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Pathology of Avian Influenza (Bird Flu)

Dr Sampurna Roy MD




Infections with a new avian influenza A (H7N9) virus were first reported in China in March 2013. The first case outside China was reported in Malaysia  in February 2014.

By December 2013 there were nearly 139 confirmed cases identified in 10 provinces and 2 municipalities, primarily in eastern China.

Most of the patients with confirmed H7N9 virus infection were elderly (median age, 61 years).

Since this H7N9 virus appears to have emerged recently to infect humans, immunity is expected to be low, and persons of any age may be susceptible to infection.

Patients were hospitalized with severe lower respiratory tract illness.

On the basis of the experience with increased circulation of H5N1 virus among poultry during periods of cooler temperatures, the spread of H7N9 virus among poultry is likely to increase during the winter and spring months, with the potential for increased transmission to exposed persons.

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Avian influenza in birds:

It is an infection caused by avian (bird) influenza (flu) viruses.

These viruses occur naturally among wild birds worldwide in their intestines, but they do not get sick.

It is very contagious among birds including domestic birds eg. chickens, ducks and turkeys and kill them.

Virus are excreted from infected birds in their saliva, nasal secretions, and feces.

Birds including domestic ones  become infected through direct contact with other infected poultry, or through contact with infected surfaces (such as dirt or cages) or materials (such as water or feed).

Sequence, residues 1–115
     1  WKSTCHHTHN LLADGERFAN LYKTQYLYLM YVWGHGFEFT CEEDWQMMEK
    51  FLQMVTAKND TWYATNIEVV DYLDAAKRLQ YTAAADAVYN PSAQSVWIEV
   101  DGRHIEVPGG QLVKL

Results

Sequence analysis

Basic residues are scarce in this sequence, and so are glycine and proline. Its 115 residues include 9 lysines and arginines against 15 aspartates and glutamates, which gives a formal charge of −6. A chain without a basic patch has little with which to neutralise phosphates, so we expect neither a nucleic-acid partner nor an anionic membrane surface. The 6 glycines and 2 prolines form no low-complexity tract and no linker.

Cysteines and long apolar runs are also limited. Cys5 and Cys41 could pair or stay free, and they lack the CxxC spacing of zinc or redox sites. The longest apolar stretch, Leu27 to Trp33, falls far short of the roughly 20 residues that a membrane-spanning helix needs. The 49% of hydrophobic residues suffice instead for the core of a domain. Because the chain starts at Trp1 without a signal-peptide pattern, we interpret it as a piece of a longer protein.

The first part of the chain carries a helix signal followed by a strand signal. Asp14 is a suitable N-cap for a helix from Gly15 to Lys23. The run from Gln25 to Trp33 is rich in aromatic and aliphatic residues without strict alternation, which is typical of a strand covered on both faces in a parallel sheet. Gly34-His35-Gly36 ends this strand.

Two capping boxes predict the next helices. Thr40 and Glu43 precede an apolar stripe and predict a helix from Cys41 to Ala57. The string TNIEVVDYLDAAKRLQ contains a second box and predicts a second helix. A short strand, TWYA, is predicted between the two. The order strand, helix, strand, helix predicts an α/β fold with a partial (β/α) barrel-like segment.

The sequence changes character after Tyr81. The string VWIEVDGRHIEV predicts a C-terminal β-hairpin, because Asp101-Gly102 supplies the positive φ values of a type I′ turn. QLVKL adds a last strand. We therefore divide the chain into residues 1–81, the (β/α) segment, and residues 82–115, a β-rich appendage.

It causes two main forms of diseases in poultry.

The "low pathogenic" form go undetected and  causes only mild symptoms (such as ruffled feathers and a drop in egg production).

The "high pathogenic" form spreads rapidly through flocks of poultry, affecting multiple internal organs and has a mortality rate that can reach 90-100% often within 48 hours.

Further reading:

A recombinant viruslike particle influenza A (H7N9) vaccine.

Human infection with H7N9 virus.

Influenza A (H7N9) and the importance of digital epidemiology.

Serologic study for influenza A (H7N9) among high-risk groups in China.

Epidemiology of the avian influenza A (H7N9) outbreak in Zhejiang Province, China.

H7N9: A killer in the making or a false alarm?

The new emerging H7N9 influenza virus indicates poultry as new mixing vessels.

Wild bird surveillance for avian influenza virus.

Detection of avian influenza A/H7N9/2013 virus by real-time reverse transcription-polymerase chain reaction.


Previous cases of Human infection :

Confirmed cases of human infection from several subtypes have been reported since 1997.

In most cases human infection have resulted from contact with infected poultry (Example: domesticated chicken, ducks, and turkeys) or surfaces contaminated with secretion/excretions from infected birds.

The spread from one ill person to another is very rare.

“Human influenza virus” are those subtypes that spread widely among humans. There are only three known A subtypes of influenza viruses (H1N1, H1N2, and H3N2).Viruses are constantly changing, and they adapt over time to infect and spread among humans.

Symptoms vary from typical human influenza-like symptoms (e.g., fever, cough, sore throat, and muscle aches) to eye infections, pneumonia, severe respiratory diseases (such as acute respiratory distress).

Avian Influenza A (H5N1):

Subtype Influenza A  “H5N1 virus”  that occurs mainly in birds, is highly contagious and are deadly to them. Infections with these viruses have also occurred man.

Human health risks during the H5N1 outbreak:

In the current outbreaks in Asia and Europe more than half of those infected with this virus have died. Most cases have occurred in previously healthy children and young adults.